“Like We Always Do” Is a Lousy Strategy
The Sprocket Report
Regardless of whether you’re running a company or a not-for-profit, doing business “like we always do” is a sure recipe for stagnation or outright failure. It may seem easier to fall back on old habits, but here are five ways you are derailing your own success.
Flying by the seat of your pants may work well for start-ups, but many small business owners find that once a business becomes successful, a new strategy is needed. Non-profits have similar issues because it’s one thing to be passionate about a cause and quite another to slog through day-to-day operations. We watched some clients struggle with this recently so we’re passing on what they learned:
Make a Plan
Some creative types find planning a bore, but blundering around just wastes everybody’s time. Any goal, whether a project or an event, requires a written plan that is accessible to everyone involved. Too often the plan is only in someone’s head and then they wonder why no one’s helping to complete the goal. If you want to share the load, you have to share the plan, too.
Follow the Plan
Once the plan has been documented, everyone must agree to follow it as written. Of course changes may occur, and should be noted, but stay on track as much as possible. Check off tasks as completed to keep moving toward the goal and ensure effort isn’t wasted on redundant work. Now you’ll know at a glance how well things are progressing.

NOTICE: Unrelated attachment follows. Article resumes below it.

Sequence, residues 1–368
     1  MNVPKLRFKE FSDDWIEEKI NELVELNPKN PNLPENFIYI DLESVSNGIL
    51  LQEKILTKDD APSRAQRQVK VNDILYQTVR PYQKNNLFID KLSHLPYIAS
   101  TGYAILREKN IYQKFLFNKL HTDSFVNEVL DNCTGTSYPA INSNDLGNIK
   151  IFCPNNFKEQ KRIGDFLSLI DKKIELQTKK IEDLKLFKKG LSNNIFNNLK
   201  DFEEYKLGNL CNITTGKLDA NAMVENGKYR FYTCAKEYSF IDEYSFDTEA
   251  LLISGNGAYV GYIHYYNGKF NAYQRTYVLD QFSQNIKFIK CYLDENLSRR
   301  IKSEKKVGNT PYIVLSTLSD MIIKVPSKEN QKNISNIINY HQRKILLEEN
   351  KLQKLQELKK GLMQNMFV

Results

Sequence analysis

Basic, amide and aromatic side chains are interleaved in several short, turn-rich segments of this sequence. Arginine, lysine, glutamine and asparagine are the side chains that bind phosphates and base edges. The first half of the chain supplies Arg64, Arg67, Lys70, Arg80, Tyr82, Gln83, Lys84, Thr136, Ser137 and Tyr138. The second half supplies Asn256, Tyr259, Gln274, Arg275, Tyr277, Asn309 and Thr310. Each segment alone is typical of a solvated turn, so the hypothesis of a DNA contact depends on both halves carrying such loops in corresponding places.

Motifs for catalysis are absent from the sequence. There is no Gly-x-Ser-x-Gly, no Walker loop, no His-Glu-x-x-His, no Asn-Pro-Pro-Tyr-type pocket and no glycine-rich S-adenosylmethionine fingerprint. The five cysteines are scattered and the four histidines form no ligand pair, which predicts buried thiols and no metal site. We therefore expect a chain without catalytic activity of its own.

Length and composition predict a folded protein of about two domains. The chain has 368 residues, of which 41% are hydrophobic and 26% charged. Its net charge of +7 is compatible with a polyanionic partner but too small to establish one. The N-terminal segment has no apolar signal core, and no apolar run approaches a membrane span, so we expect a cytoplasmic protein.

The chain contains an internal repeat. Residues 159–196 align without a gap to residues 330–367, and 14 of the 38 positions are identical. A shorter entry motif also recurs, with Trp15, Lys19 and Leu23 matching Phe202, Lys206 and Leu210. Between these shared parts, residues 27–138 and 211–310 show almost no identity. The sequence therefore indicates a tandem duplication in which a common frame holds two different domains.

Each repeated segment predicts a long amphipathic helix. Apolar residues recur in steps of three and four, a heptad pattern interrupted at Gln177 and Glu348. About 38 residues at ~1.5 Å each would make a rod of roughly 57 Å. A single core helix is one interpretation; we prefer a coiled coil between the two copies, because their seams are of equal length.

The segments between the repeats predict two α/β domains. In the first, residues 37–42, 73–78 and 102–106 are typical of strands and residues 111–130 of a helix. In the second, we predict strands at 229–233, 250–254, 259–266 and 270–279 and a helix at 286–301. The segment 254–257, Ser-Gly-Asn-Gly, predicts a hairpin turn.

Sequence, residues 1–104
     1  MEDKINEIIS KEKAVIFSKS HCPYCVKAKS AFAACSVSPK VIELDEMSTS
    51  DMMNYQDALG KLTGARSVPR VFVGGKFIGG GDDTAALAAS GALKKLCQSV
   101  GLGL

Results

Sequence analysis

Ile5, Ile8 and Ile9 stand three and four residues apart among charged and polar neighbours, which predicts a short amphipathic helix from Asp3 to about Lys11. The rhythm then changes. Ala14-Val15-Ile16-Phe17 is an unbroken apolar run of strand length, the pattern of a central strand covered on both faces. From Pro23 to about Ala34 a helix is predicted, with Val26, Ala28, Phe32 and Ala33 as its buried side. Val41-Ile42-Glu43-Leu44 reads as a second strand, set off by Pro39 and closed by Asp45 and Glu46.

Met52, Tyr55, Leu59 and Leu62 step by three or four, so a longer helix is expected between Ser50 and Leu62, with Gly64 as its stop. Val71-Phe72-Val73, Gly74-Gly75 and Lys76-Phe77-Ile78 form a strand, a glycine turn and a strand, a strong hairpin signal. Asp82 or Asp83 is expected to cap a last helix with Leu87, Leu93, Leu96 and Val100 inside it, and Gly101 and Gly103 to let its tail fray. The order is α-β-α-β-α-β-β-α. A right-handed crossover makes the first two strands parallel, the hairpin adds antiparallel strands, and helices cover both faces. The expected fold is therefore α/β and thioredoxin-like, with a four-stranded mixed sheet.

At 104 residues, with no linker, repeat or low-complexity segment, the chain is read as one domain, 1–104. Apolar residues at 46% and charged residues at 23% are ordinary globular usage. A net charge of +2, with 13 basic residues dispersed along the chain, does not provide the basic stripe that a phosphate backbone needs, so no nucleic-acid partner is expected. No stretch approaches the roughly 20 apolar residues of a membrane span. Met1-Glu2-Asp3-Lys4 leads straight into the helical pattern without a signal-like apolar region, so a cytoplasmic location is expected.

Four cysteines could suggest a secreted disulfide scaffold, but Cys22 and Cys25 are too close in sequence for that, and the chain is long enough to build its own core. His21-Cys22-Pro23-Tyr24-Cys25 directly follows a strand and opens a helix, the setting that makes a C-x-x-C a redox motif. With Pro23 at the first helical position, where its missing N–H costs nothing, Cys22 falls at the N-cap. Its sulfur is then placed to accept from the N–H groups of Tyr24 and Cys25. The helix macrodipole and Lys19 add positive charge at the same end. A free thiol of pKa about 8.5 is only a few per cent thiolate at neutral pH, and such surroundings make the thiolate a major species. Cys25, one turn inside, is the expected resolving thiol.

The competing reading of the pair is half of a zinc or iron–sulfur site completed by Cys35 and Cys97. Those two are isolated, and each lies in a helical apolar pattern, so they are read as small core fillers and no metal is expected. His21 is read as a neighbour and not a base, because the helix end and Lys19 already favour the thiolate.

Don’t Assign the Same People
While it’s tempting to let the most experienced folks keep doing what they’ve always done, occasionally you should shake things up a little. People get burnt out. They lose their passion and their work suffers, becoming sloppy and uninspired. Guiding them to try something new can reignite their enthusiasm.
Don’t Overload the Newbies
It’s also tempting to dump much of the grunt work on the newest team members, but that technique could come back to bite you. If you ask too much of them, they may buckle under the pressure and flee, leaving you with a mess to clean up. Instead, give them partners who will support them and train them to be your experts for the next project.
Place and Accept Responsibility Appropriately
While cooperation between departments or committees is important, responsibility should be clearly defined. Swooping in to fix a failure can muddy the water so that it’s harder to plan for the next goal. Budgets need to be accurate and roles identified so there are no surprises when a team is reorganized or a member leaves.
When school starts, committees reconvene and businesses renew their efforts. Instead of doing it “like we always do,” this could be your opportunity for a different strategy. With a plan in hand, your company or non-profit could be free to try some new techniques like digital marketing, social media or online applications. If you’re eager for something different, give us a call. We’re happy to help you explore the possibilities.